Speech to text rates high on list of in-car distractions
Picture credit: Apple
Voice-activated technology is at the core of many of today’s connected car implementations, but new research finds it to be one of the top distractions for drivers.
The recent study from the Automotive Association of America Foundation for Traffic Safety uses several ranking factors to compare speech-to-text technology with other tasks that might take a driver’s focus away from the road.
Using what the AAA has dubbed a “workload rating”, speech-to-text was found to be more of a distraction than the likes of a recorded audio book, a radio, another passenger and even a hand-held cell phone.
OSPAN more of an interference
Speech-to-text technology was rated as a 3.06 compared to the one that was given to a driver being on his own with no distractions. The only task that rated higher was operation span (OSPAN) with a five.
Operation span asks subjects to perform a simple mathematical equation, for example 3X4+7, and then read a word before undergoing a recall test following a number of verified or read pairs. The maximum number of words that can be recalled is the operation span.
Tests of voice-activated tech consisted of using NaturalReader 10.0 to read incoming text and email communications. The system used was said to have “perfect reliability”, so there was no need for driver input that ordinarily might require them to review, edit, or correct inaccuracies.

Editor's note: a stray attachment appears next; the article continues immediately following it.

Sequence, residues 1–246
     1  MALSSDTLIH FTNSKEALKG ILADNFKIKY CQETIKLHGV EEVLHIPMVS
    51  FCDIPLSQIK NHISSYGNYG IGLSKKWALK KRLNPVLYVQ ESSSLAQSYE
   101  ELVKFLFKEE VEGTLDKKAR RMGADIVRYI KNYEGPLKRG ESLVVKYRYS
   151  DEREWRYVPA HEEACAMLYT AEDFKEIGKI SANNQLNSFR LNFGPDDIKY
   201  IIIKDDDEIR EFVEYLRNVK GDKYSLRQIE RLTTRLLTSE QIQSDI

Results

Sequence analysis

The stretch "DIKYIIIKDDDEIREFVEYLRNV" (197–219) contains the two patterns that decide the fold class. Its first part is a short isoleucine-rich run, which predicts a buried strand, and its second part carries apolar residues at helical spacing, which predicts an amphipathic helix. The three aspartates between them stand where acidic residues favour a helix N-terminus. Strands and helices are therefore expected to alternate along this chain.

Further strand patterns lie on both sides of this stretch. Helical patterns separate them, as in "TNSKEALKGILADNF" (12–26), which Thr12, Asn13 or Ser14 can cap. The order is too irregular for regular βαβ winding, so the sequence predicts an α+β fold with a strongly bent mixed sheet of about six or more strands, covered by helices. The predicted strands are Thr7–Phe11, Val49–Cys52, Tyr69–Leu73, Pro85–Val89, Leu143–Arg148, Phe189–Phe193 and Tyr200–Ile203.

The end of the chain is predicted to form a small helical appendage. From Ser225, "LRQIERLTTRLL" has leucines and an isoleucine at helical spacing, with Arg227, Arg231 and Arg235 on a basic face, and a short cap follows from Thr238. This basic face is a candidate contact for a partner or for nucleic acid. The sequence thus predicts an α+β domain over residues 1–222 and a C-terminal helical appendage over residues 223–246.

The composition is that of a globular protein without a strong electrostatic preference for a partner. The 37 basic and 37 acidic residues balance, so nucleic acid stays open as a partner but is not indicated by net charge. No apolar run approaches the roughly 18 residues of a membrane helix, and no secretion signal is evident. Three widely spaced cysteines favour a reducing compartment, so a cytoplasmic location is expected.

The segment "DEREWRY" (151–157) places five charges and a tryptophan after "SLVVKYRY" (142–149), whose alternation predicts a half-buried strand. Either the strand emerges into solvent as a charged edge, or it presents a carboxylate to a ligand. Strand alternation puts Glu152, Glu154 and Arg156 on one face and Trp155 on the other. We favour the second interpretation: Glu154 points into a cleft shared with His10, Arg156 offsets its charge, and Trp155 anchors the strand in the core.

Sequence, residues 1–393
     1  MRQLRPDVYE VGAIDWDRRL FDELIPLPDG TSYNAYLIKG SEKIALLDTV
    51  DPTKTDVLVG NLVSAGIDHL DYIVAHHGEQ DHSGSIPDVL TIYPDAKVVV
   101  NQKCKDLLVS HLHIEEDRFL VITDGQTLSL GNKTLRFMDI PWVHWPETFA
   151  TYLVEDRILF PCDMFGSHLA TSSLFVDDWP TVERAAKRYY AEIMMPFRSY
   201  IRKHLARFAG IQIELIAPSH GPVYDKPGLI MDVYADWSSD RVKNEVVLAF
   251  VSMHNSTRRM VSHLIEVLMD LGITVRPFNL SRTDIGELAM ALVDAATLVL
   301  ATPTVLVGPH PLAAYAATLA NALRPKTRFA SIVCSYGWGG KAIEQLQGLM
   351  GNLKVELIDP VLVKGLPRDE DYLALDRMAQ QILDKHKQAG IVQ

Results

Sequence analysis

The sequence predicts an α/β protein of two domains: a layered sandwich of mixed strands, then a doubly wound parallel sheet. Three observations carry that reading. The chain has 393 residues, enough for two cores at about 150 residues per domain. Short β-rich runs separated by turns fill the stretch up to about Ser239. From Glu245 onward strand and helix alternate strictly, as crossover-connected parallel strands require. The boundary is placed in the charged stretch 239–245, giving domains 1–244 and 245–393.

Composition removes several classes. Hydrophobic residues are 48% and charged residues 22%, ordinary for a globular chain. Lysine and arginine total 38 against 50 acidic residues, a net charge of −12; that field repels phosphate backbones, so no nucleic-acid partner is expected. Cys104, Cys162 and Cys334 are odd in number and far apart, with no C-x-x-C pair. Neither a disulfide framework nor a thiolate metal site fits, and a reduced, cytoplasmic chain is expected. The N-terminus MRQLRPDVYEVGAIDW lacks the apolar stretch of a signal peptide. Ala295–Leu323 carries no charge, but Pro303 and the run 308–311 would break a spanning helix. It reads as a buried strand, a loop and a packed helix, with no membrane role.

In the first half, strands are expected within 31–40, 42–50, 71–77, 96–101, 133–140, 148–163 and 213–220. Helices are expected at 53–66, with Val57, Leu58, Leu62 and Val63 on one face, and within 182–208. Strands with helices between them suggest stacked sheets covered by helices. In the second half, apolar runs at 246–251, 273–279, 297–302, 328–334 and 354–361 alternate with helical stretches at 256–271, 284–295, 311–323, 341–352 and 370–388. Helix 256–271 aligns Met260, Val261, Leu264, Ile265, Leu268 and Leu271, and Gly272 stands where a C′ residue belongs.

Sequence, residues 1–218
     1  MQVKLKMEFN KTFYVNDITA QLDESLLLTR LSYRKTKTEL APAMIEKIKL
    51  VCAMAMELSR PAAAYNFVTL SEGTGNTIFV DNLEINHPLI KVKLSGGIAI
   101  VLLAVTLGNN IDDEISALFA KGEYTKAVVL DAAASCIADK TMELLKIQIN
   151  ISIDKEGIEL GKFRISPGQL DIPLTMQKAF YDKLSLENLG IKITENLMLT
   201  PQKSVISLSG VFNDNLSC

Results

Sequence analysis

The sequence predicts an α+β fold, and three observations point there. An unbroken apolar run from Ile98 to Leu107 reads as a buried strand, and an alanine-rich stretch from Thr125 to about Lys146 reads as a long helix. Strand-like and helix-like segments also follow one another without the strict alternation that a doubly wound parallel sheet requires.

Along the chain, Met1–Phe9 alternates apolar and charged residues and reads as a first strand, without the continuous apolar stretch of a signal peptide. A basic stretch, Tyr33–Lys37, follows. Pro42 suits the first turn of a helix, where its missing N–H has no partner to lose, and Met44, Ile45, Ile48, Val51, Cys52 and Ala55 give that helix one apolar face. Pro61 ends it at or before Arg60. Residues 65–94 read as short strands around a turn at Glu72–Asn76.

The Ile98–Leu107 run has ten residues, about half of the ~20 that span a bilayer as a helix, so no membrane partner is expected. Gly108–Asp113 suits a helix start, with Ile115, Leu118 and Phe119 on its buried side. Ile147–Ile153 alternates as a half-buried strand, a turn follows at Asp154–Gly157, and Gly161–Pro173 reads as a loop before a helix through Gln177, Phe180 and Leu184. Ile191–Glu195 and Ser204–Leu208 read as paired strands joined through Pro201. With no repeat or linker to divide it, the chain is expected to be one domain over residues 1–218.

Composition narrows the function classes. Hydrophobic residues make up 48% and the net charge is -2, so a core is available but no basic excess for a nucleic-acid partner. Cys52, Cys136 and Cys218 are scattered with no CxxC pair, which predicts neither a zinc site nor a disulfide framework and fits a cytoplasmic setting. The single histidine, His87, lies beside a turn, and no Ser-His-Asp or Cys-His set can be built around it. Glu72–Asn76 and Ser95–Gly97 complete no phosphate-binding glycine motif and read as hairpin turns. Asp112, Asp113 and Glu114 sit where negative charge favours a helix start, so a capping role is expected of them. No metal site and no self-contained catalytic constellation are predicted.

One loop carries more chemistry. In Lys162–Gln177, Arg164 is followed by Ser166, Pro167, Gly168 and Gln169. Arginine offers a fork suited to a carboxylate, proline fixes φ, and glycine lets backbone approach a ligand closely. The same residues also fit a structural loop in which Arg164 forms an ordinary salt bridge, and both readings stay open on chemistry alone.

Although NaturalReader is not as recognised as some of the other technologies available in the connected car space, the AAA did test Apple’s own personal assistant Siri that has a build-in dictation feature.
Struggling with Siri
Siri was compared with a number of other voice-activated environments including car commands to alter a vehicle’s environment along with a simulated email and text messaging service where a driver listened and composed communications.
Three experiments were performed by the AAA in differing environments. There was a baseline assessment where participants were sat in front of a computer screen, a driving simulator and an instrumented vehicle driven through a city’s residential area.
In all three of the experiments Siri-based interactions underperformed, falling behind all of the other test environments for both accuracy and reaction time. The result likely be cause for concern at Apple as it goes in search of manufacturer partners for connected car system CarPlay.